1. By: Aleksandra Zdzienicka; Sally Chen; Federico Diaz Kalan; Stefan Laseen; Katsiaryna Svirydzenka
    Abstract: The Global Financial Crisis has reopened discussions on the role of the monetary policy in preserving financial stability. Determining whether monetary policy affects financial variables domestically—especially compared to the effects of macroprudential policies— and across borders, is crucial in this context. This paper looks into these issues using U.S. exogenous monetary policy shocks and macroprudential policy measures. Estimates indicate that monetary policy shocks have significant and persistent effects on financial conditions and can attenuate long-term financial instability. In contrast, the impact of macroprudential policy measures is generally more immediate but shorter-lasting. Also, while an exogenous increase in U.S. monetary policy rates tends to reduce credit and house prices in other countries—with the effects varying with country-specific characteristics—an increase driven by improved U.S. economic conditions tends to have the opposite effect. Finally, we do not find evidence of cross-border spillover effects associated with U.S. macroprudential policies.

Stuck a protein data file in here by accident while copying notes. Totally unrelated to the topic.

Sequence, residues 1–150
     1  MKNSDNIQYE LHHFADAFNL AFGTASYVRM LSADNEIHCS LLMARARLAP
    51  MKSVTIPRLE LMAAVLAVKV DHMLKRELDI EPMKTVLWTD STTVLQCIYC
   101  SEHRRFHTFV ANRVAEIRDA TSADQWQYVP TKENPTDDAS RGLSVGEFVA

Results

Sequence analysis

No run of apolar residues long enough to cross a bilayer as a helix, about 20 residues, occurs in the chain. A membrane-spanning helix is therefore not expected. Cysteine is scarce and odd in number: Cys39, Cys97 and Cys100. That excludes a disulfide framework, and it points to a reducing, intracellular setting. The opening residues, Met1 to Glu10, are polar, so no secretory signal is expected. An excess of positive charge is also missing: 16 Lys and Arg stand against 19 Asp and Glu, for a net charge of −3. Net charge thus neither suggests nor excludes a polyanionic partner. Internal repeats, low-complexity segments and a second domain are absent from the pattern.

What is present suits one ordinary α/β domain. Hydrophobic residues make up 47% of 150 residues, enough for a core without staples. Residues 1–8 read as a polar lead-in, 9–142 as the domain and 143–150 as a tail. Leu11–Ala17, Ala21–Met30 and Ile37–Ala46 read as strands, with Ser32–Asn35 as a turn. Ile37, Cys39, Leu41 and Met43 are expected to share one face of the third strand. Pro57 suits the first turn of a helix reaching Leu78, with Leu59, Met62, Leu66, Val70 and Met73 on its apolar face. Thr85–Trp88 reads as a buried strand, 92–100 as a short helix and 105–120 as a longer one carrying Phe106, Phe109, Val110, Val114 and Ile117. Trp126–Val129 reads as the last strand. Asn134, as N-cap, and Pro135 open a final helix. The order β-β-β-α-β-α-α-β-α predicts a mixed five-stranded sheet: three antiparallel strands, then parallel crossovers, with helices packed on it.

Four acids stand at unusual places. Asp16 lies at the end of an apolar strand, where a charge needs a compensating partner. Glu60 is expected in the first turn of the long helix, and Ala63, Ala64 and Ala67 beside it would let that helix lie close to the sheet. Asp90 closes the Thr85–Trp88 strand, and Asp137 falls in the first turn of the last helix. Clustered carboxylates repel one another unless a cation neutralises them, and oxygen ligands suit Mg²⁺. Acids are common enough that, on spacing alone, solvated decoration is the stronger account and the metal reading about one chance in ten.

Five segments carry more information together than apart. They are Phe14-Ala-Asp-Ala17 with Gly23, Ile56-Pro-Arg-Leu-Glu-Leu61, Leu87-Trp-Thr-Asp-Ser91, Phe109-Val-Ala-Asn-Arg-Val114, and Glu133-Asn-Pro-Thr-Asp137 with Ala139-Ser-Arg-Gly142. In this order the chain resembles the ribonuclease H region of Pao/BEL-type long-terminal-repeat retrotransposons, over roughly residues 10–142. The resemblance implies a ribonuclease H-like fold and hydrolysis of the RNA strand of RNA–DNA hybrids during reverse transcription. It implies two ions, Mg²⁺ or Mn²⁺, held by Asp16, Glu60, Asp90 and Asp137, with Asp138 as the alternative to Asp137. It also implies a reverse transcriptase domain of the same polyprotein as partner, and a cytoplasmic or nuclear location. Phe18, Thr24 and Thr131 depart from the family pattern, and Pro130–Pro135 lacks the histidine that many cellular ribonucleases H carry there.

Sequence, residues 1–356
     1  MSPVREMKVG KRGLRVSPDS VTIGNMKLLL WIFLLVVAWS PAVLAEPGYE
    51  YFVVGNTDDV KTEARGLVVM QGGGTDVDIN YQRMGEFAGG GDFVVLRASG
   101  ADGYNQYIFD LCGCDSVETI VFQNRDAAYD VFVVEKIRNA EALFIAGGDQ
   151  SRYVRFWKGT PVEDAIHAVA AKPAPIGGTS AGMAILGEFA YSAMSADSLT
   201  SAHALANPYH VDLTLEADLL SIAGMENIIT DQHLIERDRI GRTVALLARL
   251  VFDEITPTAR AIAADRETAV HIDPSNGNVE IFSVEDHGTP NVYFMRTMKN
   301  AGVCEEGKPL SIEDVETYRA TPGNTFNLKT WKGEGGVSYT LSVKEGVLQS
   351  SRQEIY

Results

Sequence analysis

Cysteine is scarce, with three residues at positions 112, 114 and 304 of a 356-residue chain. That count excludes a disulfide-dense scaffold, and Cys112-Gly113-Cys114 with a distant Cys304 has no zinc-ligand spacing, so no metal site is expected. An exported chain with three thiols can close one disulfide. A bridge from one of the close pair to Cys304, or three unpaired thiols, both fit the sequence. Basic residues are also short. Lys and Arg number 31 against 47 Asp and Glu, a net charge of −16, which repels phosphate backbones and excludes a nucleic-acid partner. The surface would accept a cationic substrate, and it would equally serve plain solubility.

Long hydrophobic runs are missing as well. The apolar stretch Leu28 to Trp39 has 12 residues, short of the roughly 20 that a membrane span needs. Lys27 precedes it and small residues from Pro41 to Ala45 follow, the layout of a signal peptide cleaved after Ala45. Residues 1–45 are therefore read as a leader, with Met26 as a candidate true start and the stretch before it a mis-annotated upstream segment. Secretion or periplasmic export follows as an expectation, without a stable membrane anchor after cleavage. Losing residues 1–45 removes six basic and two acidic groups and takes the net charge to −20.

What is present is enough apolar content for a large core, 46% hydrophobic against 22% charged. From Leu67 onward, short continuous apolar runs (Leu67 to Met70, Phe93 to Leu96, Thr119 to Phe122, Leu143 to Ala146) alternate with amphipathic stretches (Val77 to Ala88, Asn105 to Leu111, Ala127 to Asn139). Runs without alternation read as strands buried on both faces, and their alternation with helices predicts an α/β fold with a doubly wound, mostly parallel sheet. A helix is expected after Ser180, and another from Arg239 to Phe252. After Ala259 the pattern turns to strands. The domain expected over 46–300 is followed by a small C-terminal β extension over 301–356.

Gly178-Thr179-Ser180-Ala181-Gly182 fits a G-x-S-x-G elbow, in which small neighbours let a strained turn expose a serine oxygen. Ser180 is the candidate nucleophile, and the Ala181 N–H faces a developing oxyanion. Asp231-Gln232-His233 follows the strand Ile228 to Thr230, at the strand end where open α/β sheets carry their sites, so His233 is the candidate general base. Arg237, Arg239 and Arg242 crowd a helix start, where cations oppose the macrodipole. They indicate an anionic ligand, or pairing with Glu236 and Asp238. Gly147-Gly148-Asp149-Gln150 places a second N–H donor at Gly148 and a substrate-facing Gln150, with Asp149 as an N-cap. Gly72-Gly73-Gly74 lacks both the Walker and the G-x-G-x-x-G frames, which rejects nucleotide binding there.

Keywords: Financial stability;Monetary policy;Central banks and their policies;Financial crises;United States;Western Hemisphere;spillovers, international monetary fund, exchange rate, transmission mechanism, Monetary Policy (Targets, Instruments, and Effects), spillovers.,
    Date: 2015–12–31
  2. By: Paul Hubert (OFCE – Sciences Po)